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GTRI Develops Automated Pavement Crack Detection and Sealing System

Georgia Tech Research Institute (GTRI) has designed a prototype automated pavement crack detection and sealing system to prevent workers from getting exposed to hazardous traffic.

Example of a pavement crack filled with the prototype automated pavement crack detection and sealing system developed at the Georgia Tech Research Institute

Moreover, standard manual crack sealing operations cover only a limited amount of roadway per day. The cracks are sealed in roadways to maintain the structural integrity of the road and prolong the time between the repaving projects.

During the road test, the new system detected the cracks lesser than one-eighth-inch wide and filled the cracks from a vehicle moving at speed of 3 miles per hour.

Jonathan Holmes, Research Engineer at GTRI, stated that the prototype system has demonstrated that an automated crack sealing system at the commercial scale is viable. He added that they have also developed solutions for technical challenges that include high-speed firing of nozzles, limited-scale system and automated crack detection and navigation in real-time.

The automated crack sealing system ensures safety of the workers, increases the amount of roadway covered each day, requires less number of personnel, and also saves transportation cost for the departments since sealing of cracks prolongs the time before the roadway is completely repaved.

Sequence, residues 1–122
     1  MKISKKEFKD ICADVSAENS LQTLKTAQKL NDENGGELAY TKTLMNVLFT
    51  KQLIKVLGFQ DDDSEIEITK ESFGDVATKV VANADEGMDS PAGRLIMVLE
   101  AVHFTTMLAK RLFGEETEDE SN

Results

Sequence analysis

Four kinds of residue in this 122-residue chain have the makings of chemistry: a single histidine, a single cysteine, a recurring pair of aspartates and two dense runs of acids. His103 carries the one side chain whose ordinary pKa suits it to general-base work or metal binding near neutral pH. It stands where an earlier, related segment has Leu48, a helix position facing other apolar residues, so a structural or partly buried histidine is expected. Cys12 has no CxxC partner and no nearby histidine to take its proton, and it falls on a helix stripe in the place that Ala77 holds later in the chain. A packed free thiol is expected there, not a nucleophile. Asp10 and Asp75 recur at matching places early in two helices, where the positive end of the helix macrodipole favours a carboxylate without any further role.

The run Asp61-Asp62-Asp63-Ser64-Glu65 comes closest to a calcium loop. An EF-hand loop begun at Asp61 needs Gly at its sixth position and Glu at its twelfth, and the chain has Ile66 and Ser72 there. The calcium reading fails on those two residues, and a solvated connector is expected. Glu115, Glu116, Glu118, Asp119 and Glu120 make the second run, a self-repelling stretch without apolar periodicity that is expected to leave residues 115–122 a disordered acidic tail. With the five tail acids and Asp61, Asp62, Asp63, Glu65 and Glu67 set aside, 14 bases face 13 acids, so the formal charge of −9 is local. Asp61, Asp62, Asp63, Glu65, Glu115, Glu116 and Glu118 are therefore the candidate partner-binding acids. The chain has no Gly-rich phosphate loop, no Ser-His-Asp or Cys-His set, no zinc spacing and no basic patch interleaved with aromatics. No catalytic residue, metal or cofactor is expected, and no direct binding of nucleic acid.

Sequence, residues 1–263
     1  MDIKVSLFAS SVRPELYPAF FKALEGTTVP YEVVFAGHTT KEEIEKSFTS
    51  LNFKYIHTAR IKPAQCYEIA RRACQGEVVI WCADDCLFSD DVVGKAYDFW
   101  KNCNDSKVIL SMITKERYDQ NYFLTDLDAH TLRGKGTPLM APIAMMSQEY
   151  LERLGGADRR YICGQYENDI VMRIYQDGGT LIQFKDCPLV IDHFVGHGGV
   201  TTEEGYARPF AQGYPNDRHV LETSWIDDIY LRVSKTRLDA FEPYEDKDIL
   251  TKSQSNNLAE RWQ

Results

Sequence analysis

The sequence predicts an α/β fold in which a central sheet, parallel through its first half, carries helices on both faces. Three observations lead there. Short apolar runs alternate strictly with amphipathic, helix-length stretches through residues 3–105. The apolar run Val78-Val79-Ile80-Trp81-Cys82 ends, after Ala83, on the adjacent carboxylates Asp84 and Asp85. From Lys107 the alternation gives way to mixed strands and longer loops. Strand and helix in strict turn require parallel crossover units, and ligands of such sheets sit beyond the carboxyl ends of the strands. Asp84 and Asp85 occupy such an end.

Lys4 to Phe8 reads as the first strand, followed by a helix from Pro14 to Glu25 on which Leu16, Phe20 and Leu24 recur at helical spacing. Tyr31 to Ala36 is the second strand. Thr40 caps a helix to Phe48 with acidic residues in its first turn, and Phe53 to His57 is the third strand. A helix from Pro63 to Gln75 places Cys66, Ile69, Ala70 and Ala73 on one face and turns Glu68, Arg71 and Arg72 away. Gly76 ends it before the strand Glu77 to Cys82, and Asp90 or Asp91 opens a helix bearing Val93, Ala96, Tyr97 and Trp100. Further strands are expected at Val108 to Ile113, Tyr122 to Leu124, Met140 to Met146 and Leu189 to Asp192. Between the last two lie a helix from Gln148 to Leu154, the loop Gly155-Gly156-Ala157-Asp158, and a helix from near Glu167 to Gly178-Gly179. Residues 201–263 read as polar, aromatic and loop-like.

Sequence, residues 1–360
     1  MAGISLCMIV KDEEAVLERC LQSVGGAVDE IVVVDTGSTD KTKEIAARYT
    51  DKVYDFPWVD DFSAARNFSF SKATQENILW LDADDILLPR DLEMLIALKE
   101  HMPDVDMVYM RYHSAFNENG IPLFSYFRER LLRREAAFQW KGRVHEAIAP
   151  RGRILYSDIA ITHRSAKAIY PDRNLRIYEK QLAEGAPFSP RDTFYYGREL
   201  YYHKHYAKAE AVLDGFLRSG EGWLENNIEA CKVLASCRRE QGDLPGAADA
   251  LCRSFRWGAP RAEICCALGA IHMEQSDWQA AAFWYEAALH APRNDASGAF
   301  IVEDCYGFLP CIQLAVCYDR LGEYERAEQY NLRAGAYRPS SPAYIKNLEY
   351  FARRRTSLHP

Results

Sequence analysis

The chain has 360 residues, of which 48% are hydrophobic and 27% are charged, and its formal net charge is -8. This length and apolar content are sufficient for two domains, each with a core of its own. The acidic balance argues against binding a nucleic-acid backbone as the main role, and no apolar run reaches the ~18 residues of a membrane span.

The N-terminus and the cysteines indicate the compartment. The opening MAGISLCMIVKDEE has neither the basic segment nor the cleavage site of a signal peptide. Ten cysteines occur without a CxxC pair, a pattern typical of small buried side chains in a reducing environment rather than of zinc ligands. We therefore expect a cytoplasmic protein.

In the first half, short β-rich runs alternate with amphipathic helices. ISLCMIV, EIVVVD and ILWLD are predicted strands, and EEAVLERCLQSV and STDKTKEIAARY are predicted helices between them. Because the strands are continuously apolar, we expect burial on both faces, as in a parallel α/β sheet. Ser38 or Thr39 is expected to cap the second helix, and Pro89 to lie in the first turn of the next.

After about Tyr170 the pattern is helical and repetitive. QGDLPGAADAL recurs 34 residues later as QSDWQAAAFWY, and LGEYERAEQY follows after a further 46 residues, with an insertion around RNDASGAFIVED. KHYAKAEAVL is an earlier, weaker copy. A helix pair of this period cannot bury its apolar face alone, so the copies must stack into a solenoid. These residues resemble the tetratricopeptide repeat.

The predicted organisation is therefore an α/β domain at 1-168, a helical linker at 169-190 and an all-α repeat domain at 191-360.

The prototype system comprises two different colors of light emitting diodes (LEDs), a stereo camera, and an assembly to supply sealant to transverse and longitudinal sealant distribution systems continuously. The LEDs illuminated the road in two different directions that are perpendicular and parallel to the road while the system traveled along a road lane. The stereo camera captured two images of the road simultaneously. The images were analyzed using thresholding and filtering algorithms. Based on the image, a crack map was generated to define the location and shape of the cracks. A dispensing nozzle was fixed to a linear servo axis to fill the longitudinal cracks.

Holmes stated that they had only limited crack detection algorithm since they utilized a vision-based system. A full-scale system would need a combination of multiple imaging sensors like 3-D laser scanning system. He also proposed that changes will need to be done regarding the way the sealant was supplied to the transverse and longitudinal distribution systems before a full-scale system is realized.

Will Soutter

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Will Soutter

Will has a B.Sc. in Chemistry from the University of Durham, and a M.Sc. in Green Chemistry from the University of York. Naturally, Will is our resident Chemistry expert but, a love of science and the internet makes Will the all-rounder of the team. In his spare time Will likes to play the drums, cook and brew cider.

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